What’s the thing you’re missing most at the moment? Pubs? Holidays? Family? For many of us it’s simply a hug.

The good news is there are tall, strong specimens just waiting for a caring clinch in a park or street near you. And you won’t be breaking any social distancing rules when you give them a squeeze.

It’s time to hug a tree.

It doesn’t matter if it’s a hazel, hornbeam or horse chestnut, all trees welcome a hug. And they have been a life-long comfort for me when things get that little bit too much.
Over the years, I’ve suffered from post-natal depression and chronic pain – and trees have been one of the key natural prescriptions I turn to, to help me cope.

In fact, I have a favourite oak tree that I visit regularly for a bit of TLC. He’s always there to welcome me with open branches. There’s no talking, no questions, no compromises.

When I look up into his canopy, I see all the other creatures that benefit from this tree’s embrace – birds, bees, and often a squirrel or two. I know that looking into this verdant green will lower my systolic blood pressure and calm my central nervous system.

I might even consider our symbiotic relationship. The way he breathes in carbon dioxide and exhales oxygen, and I do the reverse. Mainly, it’s just nice to have a cuddle: bark to skin.

And it really works.

Hugging a tree releases the same hormones that are triggered when we hug a human. Namely, oxytocin, serotonin and dopamine, which all help us feel calmer and happier.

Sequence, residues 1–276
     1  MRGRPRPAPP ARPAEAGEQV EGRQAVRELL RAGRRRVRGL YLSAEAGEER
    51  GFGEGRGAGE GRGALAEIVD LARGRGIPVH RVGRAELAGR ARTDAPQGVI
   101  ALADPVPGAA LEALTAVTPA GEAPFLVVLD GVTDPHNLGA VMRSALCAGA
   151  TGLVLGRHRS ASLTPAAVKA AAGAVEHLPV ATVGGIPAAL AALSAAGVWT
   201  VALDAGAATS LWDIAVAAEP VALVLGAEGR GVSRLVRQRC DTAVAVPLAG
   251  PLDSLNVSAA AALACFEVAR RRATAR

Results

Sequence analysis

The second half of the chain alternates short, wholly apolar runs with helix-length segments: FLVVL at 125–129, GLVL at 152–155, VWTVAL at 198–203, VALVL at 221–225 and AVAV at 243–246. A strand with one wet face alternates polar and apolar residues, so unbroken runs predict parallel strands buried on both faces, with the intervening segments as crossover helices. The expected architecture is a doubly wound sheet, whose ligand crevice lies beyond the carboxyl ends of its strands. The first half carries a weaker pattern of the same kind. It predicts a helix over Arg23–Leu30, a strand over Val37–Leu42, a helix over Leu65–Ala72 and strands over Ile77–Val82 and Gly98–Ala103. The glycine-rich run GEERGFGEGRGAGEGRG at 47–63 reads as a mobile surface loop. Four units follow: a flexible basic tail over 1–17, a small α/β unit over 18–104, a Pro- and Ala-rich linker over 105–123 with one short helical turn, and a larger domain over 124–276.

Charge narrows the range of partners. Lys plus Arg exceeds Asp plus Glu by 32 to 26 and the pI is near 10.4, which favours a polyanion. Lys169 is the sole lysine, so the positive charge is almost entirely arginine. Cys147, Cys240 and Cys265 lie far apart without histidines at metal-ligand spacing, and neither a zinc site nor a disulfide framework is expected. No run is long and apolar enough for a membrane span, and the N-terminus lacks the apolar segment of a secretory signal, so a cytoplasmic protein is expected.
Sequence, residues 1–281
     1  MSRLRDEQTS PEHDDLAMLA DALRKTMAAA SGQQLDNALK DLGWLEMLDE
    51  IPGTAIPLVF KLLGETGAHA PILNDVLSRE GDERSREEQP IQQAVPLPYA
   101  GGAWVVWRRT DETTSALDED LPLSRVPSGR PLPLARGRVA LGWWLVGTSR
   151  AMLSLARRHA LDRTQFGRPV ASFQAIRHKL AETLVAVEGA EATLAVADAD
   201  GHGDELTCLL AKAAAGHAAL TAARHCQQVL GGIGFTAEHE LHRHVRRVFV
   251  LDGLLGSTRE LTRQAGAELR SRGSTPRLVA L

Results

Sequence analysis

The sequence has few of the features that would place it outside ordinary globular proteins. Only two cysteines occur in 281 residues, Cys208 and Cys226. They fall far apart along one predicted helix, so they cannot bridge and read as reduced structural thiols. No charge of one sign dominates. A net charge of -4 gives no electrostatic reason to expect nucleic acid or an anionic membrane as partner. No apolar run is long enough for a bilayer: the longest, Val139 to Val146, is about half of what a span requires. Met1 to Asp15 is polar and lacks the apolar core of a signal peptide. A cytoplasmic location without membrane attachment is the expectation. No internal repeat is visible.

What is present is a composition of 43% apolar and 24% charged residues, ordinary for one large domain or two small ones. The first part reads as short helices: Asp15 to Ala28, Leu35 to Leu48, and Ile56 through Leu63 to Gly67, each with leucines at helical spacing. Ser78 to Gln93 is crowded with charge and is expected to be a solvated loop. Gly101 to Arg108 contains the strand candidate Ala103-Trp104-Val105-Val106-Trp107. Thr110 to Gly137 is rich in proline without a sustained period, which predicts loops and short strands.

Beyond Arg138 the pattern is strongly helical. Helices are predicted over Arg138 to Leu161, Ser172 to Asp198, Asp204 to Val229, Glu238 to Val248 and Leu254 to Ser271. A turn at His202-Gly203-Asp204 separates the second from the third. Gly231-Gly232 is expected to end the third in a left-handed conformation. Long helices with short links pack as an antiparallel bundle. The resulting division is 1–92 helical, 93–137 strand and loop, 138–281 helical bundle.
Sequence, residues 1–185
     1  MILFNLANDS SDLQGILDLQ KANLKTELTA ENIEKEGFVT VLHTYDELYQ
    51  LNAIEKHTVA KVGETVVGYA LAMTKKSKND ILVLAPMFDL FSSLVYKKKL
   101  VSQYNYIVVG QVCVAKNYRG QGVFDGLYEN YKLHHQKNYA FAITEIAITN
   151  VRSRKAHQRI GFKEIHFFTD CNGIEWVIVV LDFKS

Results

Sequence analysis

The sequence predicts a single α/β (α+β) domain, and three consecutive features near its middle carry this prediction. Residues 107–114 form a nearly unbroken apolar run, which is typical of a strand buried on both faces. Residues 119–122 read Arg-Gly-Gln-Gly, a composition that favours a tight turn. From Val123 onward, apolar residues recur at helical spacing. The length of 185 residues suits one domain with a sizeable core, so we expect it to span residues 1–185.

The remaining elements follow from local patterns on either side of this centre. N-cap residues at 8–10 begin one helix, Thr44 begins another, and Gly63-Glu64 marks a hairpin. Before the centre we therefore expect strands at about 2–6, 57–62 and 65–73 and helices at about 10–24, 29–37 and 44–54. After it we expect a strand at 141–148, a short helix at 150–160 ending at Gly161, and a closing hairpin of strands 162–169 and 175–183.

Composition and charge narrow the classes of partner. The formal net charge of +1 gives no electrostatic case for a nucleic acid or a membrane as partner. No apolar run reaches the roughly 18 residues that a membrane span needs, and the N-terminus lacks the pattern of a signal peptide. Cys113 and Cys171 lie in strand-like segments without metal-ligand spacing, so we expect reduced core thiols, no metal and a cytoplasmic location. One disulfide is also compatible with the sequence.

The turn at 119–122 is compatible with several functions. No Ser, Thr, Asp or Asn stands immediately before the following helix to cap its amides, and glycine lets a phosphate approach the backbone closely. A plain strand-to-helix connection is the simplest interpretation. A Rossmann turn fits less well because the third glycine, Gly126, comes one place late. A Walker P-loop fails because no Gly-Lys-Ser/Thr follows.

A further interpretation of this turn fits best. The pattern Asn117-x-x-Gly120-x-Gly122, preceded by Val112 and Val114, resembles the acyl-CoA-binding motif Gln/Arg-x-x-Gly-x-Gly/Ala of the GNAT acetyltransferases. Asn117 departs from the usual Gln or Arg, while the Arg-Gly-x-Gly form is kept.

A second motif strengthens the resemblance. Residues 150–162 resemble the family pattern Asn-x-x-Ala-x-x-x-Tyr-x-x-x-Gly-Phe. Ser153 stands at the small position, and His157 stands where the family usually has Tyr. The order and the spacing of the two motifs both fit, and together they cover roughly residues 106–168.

But you don’t need to go to a woodland to get these creature comforts. Some of my favourite trees are on my street.

In fact, it was a cherry tree – which my son and I called the Candy Floss tree for its exuberant, fluffy pink blossoms – that triggered me to set up my community group Save Our Street Trees, in Northampton.  

When many of the trees around our cherry began to be removed and not replaced, I set about trying to protect and replant them. So far we’ve replanted 11 trees in Northampton. And it probably doesn’t sound like much – but every tree matters.

Science has proved they bring cleaner air, social cohesion and biodiverse corridors that breathe life into the monotonous grey. And recent research shows people who have trees within walking distance of their homes also have a lower risk of developing psychological distress.

I believe it should be a human right to have access to trees and a greener view from your window. With more than 80 per cent of UK residents living in the built environment and, currently, more of us confined to our houses than ever before– there has never been a better time for us to reap the benefits of urban trees.

After all, we share some 70 per cent of our DNA with them. And they remind us that underground, we are all connected by deep roots.

So, go on, don’t be shy! Find a tree nearby that’s holding on to a hug, just for you.


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Find out more about Alice;


Website www.allomentalice.co.uk

Twitter @allotmentalice

Instagram @allotmentalice

Support her street tree campaign at www.saveourstreettrees.org

Twitter @saveourstreettrees